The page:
Inhibition of carbon tetrachloride-induced liver injury by liposomes containing vitamin E.


Yao T, Degli Esposti S, Huang L




Am J Physiol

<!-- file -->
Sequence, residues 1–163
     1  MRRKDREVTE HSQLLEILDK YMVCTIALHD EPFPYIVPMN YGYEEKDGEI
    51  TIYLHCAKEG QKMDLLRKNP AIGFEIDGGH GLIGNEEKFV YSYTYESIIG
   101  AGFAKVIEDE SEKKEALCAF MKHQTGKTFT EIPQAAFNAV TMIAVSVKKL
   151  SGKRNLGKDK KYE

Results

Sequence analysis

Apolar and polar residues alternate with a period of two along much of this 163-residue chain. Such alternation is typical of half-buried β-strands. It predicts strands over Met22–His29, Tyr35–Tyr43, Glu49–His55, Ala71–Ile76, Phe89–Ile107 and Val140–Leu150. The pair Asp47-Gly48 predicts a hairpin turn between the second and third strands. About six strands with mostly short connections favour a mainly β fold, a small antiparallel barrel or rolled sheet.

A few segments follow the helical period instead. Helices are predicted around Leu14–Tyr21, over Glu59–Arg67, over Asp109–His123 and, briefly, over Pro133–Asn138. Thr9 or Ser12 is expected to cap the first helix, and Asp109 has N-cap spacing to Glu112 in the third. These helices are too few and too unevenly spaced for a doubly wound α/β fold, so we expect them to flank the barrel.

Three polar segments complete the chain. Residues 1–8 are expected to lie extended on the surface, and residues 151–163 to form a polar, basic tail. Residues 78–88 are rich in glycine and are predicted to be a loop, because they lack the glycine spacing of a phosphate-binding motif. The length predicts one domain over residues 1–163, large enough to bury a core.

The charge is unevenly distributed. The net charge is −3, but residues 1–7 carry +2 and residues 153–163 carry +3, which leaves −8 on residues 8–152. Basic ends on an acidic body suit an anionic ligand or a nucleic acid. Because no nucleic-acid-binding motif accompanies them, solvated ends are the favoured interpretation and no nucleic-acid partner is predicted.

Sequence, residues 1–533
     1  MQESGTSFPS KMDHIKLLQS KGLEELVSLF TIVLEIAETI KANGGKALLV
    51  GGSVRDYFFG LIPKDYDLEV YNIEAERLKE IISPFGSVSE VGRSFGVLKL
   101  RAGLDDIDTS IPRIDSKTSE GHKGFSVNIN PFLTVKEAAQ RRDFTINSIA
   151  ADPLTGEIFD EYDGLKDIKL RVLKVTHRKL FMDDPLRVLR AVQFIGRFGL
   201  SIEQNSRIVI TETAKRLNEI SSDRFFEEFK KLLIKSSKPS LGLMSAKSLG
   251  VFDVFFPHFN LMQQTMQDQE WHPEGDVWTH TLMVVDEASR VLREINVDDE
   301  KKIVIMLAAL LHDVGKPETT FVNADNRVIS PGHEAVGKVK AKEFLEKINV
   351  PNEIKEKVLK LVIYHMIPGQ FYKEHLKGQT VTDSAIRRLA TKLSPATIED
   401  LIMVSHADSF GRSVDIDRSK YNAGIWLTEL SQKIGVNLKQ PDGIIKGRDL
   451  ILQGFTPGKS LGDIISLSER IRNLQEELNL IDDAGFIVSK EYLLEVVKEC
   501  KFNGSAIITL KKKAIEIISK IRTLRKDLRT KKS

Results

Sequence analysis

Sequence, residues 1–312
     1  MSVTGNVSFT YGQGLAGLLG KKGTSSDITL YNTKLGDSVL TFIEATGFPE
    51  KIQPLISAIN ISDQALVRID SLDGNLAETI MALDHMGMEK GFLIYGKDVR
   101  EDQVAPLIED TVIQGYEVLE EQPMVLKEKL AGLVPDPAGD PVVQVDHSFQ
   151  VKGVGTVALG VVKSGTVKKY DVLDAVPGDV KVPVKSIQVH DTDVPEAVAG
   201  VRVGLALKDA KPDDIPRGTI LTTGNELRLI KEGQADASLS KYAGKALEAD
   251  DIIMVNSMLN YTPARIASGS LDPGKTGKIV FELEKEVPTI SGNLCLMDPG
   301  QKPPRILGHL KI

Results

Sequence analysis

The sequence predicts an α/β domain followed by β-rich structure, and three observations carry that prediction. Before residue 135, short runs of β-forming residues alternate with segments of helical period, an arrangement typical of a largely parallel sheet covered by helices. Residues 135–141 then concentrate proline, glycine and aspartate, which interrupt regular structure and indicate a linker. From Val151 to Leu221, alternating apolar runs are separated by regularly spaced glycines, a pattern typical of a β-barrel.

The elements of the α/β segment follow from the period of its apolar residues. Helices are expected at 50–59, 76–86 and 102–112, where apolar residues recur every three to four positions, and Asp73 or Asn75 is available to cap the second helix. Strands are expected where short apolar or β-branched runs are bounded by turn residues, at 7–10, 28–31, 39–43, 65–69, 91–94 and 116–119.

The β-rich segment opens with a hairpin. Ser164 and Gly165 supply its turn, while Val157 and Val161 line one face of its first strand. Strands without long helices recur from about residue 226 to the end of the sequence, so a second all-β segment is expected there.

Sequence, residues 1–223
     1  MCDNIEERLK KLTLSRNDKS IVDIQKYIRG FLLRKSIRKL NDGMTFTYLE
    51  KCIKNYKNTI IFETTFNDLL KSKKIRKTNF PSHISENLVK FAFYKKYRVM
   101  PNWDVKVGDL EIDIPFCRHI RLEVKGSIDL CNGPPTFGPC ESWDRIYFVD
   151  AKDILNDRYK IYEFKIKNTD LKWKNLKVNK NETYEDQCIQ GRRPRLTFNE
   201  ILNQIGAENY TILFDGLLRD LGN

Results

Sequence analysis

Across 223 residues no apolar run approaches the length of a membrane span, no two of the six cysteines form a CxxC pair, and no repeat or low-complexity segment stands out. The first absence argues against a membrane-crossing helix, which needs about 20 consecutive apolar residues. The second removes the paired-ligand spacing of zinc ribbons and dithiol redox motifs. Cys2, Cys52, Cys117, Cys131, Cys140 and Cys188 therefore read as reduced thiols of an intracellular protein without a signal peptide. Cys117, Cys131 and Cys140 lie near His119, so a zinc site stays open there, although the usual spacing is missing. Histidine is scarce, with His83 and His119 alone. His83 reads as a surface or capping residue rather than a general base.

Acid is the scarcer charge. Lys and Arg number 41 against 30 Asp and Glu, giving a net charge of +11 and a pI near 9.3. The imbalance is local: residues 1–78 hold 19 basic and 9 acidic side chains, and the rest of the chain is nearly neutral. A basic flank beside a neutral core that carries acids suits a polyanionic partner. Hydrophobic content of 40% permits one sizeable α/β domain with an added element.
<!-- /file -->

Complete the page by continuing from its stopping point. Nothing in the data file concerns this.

We tested a variety of antioxidants as possible therapeutic agents in an acute CCl4 mouse model of hepatotoxicity. Liver damage, gauged by the amount of serum aminotransferase released into the blood, morphological changes, lethal dose response, and presence of thiobarbituric acid-reactive substances (TBARS), were significantly inhibited in a dose-dependent manner by liposomes containing vitamin E (LVE) or by Rocavit E, a water-soluble emulsion of alpha- tocopherol. Serum aminotransferase levels in LVE- or Rocavit E- treated animals were always > 10-fold lower than levels in corresponding CCl4 controls. Other liposome-associated antioxidants, butylated hydroxytoluene, vitamin E succinate, catalase, desferoxamine, superoxide dismutase, and ascorbic acid 6-palmitate, were also able to elicit a decrease in damage; however, they were substantially less effective. Intravenous therapy with LVE decreased mortality by nearly 90% when a lethal dose of CCl4 was given. When the biodistribution of the liposomes was examined, it was determined that the vast majority were localized in the Kupffer cell population. This approach of delivering nontoxic therapeutic agents selectively to the liver offers a variety of clinical applications in humans.